By Jackie Davalos
Oil prices have tumbled almost 27% this year on concerns the coronavirus outbreak will dent crude demand. OPEC and its allies have signaled the coalition could reach an agreement to stem the rout before meeting in Vienna next week. Saudi Arabia is reportedly pushing for collective OPEC+ production cuts of an additional 1 million barrels a day, of which it would bear the brunt.
However, Riyadh’s proposal may not be enough to balance the oil market, according to a coronavirus-scenario analysis by Bloomberg Intelligence analysts Salih Yilmaz and Rob Barnett. The alliance’s overall compliance with production cuts has not been enough to support oil prices. The re-emergence of Libyan barrels also remains a risk.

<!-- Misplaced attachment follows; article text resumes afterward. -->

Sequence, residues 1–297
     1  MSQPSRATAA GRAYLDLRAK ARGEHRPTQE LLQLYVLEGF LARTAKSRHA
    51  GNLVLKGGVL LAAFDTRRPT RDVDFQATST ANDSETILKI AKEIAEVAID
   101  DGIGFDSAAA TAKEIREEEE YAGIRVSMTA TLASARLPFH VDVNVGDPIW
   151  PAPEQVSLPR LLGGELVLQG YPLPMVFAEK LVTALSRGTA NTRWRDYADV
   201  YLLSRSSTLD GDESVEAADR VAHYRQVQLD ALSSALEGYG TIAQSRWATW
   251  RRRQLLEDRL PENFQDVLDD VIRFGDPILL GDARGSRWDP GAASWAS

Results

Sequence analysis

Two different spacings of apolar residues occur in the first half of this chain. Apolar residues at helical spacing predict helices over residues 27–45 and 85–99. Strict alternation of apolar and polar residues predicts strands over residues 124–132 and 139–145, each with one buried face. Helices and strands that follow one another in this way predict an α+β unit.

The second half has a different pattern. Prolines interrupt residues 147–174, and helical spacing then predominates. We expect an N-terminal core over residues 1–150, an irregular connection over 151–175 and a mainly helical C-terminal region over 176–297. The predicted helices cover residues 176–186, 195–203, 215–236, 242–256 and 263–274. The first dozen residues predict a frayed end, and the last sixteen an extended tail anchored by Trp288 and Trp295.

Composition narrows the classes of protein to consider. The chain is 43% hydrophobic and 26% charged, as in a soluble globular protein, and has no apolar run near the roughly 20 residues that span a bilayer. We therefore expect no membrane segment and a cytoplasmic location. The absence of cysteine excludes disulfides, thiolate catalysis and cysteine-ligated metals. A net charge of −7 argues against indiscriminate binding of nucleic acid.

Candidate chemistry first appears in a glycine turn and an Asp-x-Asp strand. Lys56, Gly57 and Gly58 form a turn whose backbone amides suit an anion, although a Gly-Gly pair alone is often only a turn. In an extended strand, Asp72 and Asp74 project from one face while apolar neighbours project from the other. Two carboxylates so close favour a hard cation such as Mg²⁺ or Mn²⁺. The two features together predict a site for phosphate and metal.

“We may be too far deep for any OPEC cuts to have a meaningful impact,” said Peter McGinn, market strategist at RJ O’Brien & Associates LLC. “If the virus keeps spreading, that is just going to keep hurting demand and cause another wave of panic selling. A production cut could give it a bounce, but these lows will persist for the foreseeable future without a vaccine.”
West Texas Intermediate futures for April delivery fell $2.33, or 5%, to settle at $44.76 a barrel on the New York Mercantile Exchange.
Brent for April settlement, which expired Friday, lost $1.66, or 3.2%, to end the session at $50.52 a barrel on the ICE Futures Europe exchange. The more active May contract fell 4% to $49.67.
Brent’s so-called red spread — the difference between December contracts in consecutive years — sank deeper into bearish contango, settling at lowest level since 2018.
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